Tuesday, May 7, 2013
Erik James Girvan (University of Oregon School of Law) has posted Rethinking the Economic Model of Deterrence: How Insights from Empirical Social Science Could Affect Policies Towards Crime and Punishment (5 REV. LAW & ECON. 461 (2009)) on SSRN. Here is the abstract:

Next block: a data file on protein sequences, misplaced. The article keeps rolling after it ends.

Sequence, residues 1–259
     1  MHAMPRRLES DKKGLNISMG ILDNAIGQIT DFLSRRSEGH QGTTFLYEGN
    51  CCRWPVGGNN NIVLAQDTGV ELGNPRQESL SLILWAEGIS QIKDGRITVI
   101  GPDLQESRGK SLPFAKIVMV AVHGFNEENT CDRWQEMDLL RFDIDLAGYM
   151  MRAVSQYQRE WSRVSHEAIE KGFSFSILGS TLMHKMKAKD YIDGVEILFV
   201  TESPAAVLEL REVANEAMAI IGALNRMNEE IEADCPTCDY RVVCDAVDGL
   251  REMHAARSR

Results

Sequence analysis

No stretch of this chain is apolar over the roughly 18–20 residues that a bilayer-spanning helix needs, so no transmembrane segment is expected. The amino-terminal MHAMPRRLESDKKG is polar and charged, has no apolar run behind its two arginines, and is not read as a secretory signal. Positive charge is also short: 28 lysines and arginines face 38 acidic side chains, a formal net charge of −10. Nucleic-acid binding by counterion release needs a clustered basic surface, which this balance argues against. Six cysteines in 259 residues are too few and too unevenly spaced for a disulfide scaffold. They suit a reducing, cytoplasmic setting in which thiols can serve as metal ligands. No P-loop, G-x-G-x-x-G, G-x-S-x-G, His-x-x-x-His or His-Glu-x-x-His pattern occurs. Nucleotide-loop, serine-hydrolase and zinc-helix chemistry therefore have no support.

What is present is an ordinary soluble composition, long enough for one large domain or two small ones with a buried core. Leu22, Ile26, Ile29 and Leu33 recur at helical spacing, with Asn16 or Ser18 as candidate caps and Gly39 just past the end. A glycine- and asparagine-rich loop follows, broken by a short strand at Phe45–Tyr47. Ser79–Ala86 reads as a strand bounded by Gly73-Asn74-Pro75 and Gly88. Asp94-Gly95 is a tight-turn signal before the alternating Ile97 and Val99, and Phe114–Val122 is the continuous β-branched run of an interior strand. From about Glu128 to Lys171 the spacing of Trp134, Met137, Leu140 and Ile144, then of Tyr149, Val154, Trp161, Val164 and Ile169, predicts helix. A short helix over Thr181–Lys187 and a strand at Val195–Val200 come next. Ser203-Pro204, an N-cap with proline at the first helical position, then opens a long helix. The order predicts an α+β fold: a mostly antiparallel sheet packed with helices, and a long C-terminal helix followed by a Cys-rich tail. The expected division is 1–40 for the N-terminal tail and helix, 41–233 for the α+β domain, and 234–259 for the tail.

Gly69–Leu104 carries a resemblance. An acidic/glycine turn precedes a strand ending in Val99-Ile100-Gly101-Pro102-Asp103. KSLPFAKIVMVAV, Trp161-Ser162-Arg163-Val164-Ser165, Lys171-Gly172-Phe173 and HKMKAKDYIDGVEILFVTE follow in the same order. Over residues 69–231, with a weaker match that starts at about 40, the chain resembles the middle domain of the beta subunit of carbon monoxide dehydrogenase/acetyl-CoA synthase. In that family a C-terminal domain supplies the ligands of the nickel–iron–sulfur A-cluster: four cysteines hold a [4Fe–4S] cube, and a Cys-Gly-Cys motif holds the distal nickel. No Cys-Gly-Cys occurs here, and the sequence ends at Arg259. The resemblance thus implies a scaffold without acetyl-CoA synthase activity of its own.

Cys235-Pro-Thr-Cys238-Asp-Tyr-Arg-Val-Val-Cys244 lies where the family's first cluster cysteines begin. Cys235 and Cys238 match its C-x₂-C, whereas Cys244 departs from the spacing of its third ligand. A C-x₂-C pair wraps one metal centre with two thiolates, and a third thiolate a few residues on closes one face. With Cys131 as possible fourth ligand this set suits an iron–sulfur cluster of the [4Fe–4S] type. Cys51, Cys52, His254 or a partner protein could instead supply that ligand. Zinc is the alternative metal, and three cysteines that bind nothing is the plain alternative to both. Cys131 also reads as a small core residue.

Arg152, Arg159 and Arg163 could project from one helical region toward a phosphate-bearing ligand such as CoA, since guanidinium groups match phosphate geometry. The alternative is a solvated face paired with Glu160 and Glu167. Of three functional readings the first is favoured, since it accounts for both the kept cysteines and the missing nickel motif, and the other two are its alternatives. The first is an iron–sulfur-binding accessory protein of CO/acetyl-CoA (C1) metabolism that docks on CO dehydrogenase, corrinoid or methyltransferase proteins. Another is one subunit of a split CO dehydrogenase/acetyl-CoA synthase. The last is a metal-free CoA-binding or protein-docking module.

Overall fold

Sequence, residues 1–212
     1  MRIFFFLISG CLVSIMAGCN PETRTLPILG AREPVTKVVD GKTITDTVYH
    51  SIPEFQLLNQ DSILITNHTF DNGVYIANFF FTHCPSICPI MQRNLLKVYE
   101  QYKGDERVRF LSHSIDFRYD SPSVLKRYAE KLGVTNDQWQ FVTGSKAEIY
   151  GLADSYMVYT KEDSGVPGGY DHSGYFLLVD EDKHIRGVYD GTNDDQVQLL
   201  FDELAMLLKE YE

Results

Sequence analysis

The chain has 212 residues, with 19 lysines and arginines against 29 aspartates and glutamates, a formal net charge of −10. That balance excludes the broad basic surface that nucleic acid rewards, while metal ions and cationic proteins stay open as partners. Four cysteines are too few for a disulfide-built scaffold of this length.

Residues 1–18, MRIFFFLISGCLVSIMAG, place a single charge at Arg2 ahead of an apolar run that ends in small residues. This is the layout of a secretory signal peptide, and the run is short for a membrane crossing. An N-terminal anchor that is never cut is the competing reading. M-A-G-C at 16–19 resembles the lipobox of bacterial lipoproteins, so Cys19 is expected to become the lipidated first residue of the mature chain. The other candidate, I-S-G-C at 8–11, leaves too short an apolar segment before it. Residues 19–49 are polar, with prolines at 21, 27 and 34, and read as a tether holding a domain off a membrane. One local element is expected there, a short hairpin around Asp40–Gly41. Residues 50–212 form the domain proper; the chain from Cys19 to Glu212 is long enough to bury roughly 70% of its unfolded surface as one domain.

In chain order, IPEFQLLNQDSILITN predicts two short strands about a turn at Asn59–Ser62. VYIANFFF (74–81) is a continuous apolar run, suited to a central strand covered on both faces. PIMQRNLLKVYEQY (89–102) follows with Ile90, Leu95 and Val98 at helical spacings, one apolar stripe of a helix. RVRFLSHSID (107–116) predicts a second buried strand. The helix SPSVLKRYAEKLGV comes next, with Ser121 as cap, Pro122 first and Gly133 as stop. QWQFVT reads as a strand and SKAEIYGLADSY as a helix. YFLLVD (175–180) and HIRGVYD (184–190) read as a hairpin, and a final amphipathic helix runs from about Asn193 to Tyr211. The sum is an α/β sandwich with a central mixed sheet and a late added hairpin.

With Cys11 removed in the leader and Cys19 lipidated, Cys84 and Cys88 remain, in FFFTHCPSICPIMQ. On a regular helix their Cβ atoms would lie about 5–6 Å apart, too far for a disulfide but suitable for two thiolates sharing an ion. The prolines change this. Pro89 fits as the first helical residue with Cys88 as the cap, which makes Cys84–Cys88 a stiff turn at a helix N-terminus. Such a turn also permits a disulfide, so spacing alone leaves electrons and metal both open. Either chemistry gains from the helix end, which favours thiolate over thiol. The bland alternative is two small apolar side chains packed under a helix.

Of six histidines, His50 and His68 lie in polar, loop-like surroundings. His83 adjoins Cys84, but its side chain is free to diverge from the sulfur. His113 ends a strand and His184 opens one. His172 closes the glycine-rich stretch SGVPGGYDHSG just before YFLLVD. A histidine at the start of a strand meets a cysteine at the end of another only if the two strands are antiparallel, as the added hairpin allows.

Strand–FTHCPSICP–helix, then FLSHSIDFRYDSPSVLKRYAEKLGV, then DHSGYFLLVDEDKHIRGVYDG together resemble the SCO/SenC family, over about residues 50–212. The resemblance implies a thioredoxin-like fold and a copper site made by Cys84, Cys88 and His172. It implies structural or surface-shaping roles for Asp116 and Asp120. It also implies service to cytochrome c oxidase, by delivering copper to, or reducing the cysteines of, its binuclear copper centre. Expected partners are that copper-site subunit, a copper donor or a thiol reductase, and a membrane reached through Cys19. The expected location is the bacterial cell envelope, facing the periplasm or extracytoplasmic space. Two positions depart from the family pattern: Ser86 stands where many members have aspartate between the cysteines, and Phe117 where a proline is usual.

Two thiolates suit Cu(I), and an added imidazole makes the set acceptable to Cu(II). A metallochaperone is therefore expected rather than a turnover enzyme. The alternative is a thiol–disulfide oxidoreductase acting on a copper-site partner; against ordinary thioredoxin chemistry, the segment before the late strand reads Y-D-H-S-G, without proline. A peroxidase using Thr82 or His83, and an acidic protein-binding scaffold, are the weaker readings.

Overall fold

Game-theoretic models incorporating neo-classical economic assumptions can be a powerful tool for identifying and analyzing issues relevant to legal policy. In this paper I argue that, where those assumptions are deficient, the efficacy of and insights from such models can be improved by incorporating insights from experimental social sciences. Following this paradigm, I propose an expansion of the neo-classical deterrence model of criminal behavior to incorporate, as reputation effects, social scientific theory regarding the effects of in-group norms on behavior. Analysis of the expanded model shows that there are material differences between the classic and expanded models in predictions, the latter of which are more consistent with macro-level observations. I then discuss some substantive implications of the predictions of the expanded model for criminal legal policy.